The Centre For The Promotion Of Private Enterprise (CPPE), has called for policy review that will correct certain anomalies impacting the economy and in particular the private sector operations, following plunging manufacturers’ output due to raw materials deficit as operational cost nears 100 per cent.
The CPPE, in its 2022 half year economic report, pointed to growing concerns of investors across key sectors in the economy which include the high and increasing energy costs especially the cost of diesel which has gone up by over 300 per cent.
The investors are also challenged by the high cost of aviation fuel which has gone up by another 300 per cent the cost of gas which has increased by over 100 per cent.
Chief executive officer(CEO) of the CPPE, Muda Yusuf, in the report, noted that the cost of Premium Motor Spirit(PMS) also called petrol, is still moderately tolerable because of the subsidy regime that is still currently being provided by government.
Also, the frequent collapse of the national grid makes it even more difficult for many businesses to continue to sustain their operations, creating serious business sustainability concerns among investors.
“Costs have become elevated, profit margins are being eroded, purchasing power are weakened and business sustainability is at risk.
“The cost of transportation has reached unprecedented levels especially the cost of haulage because of the escalating cost of diesel,” CPPE said in the report.
The report further indicated that businesses have suffered serious dislocations as a consequence of foreign exchange liquidity challenges, volatility and the depreciation of the currency.
These have severely affected businesses across all sectors of the economy. Costs of operation and production have gone up from between 30-100 per cent as a result of the exchange rate crisis.
Yusuf, in the report, also added that, output have declined significantly in many industries because of the challenges of accessing raw materials due to the scarcity of foreign exchange, adding, “many players in the economy now resort to the patronage of the parallel market at very prohibitive cost, at very little access exist on the official window.”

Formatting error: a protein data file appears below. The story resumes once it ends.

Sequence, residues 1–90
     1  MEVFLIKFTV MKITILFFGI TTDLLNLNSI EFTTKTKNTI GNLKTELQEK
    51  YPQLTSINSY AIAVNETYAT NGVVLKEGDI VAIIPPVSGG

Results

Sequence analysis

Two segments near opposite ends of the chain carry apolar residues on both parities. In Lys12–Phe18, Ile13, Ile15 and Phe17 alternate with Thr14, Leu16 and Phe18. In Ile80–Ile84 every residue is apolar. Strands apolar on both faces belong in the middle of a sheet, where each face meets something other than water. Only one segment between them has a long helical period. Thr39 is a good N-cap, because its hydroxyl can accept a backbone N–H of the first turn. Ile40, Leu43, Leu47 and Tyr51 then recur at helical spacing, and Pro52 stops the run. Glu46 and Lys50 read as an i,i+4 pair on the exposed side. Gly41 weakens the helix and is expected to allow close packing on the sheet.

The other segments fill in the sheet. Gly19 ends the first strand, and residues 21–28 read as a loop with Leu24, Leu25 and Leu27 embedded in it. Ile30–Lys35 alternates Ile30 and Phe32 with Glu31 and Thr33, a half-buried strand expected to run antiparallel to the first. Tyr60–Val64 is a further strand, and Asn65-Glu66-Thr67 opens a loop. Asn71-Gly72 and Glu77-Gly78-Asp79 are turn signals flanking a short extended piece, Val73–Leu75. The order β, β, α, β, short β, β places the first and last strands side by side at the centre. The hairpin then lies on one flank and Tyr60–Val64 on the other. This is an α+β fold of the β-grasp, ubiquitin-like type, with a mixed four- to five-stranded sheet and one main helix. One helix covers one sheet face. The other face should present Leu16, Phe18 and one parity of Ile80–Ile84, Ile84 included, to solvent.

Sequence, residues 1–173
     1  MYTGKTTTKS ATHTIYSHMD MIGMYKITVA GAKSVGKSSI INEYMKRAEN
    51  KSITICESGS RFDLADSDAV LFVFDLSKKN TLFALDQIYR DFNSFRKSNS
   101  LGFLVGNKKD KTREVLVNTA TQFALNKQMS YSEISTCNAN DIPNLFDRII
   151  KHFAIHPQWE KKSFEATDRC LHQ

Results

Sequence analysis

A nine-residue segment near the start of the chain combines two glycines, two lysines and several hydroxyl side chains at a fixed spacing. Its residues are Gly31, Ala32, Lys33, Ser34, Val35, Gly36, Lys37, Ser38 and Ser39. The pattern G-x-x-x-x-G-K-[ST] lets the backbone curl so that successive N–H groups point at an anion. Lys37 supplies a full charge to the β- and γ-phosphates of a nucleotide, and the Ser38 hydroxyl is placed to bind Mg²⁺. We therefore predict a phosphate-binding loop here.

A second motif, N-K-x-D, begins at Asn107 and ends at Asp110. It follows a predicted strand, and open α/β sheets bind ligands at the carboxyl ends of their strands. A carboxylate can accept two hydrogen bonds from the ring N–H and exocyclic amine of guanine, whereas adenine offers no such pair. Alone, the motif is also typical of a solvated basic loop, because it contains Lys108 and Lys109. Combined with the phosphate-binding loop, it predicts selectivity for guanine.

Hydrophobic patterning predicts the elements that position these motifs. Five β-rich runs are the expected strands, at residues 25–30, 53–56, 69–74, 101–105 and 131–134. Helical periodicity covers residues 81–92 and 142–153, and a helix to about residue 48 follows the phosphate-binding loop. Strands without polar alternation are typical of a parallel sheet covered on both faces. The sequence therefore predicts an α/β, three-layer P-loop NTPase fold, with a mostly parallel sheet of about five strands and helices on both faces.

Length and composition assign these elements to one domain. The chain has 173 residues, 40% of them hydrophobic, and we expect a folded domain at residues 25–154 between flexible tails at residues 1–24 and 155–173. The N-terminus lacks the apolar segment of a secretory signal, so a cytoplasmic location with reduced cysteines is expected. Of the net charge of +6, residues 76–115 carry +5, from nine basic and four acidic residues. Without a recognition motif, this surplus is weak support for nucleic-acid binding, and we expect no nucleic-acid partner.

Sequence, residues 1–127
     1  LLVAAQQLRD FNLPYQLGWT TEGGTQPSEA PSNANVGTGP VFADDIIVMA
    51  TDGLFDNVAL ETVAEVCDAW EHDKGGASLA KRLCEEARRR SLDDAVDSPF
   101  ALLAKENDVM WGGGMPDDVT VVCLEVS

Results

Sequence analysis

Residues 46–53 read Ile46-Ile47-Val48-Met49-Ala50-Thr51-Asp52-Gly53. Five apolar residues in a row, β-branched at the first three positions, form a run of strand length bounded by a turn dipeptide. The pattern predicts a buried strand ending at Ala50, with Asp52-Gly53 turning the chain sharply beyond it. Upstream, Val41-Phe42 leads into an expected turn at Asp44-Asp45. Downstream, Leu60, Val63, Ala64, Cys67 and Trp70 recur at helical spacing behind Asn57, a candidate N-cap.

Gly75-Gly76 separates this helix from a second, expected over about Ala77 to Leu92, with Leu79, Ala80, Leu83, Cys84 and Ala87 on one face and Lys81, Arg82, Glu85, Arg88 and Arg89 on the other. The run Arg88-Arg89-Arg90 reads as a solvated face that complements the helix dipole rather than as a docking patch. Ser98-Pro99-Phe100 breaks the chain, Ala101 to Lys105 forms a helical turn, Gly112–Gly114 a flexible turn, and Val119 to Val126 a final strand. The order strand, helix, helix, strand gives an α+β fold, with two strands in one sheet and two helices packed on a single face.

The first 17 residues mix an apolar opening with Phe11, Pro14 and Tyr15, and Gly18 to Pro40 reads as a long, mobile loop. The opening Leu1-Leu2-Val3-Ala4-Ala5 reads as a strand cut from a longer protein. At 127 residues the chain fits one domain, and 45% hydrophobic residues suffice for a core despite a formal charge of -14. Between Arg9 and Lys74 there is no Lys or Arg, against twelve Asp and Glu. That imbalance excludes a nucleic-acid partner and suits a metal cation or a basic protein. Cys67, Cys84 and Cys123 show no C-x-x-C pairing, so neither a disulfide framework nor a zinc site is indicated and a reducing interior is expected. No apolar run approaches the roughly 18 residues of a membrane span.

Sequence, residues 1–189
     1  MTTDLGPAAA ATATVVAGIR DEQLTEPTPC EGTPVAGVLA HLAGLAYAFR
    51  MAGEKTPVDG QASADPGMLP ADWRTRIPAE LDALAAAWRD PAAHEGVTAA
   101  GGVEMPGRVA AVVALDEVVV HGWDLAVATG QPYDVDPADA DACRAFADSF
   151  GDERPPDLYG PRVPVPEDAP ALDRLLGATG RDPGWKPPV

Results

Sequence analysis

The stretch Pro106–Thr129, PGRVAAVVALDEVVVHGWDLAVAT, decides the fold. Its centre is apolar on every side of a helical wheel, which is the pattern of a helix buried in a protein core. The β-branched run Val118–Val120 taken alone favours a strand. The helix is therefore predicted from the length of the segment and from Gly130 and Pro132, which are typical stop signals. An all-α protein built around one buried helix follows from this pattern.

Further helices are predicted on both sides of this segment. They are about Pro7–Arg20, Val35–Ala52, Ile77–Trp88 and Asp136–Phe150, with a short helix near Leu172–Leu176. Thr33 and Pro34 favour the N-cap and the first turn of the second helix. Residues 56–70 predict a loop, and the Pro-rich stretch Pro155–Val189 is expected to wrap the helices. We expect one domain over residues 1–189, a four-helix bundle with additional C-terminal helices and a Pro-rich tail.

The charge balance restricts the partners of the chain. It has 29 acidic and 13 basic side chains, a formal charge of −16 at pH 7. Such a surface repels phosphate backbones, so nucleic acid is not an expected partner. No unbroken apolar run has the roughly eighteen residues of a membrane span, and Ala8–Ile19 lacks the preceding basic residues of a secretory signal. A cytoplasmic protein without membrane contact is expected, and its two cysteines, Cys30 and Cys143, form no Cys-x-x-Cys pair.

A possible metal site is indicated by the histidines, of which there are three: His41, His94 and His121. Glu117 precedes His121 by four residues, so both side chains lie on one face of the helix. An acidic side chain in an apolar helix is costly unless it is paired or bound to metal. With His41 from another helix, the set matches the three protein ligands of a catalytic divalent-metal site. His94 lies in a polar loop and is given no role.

He said the sharp depreciation of the exchange rate and the parallel market which is over 300 per cent has worsened the profitability of investments and the capacity to retain employment and the capacity to create new jobs have been greatly endangered because of the foreign exchange crisis.
The report said that the dysfunctional foreign exchange policy has negatively impacted Foreign Direct Investment, Foreign Portfolio Investment as well as other capital inflows into the country.
Also, the multiple exchange rates, and the huge parallel market premium in the forex market remain major downside risks to investment growth and attraction of foreign capital into the economy which has continued to weaken the supply side of the foreign exchange market.
Furthermore, he said, the inability of foreign investors to repatriate their profits and dividends as well as incomes have created considerable perception, reputational and country risk issues for the Nigerian economy and all of these have been responsible for the sharp decline in the capital importation in recent years.
The report listed implications of forex crises to investors to include high cost of production because of the high import dependence of manufacturing sector for imported raw materials, high operating costs across businesses in practically all sectors of the economy and low sales and turnover because of the increase in price and effect on demand.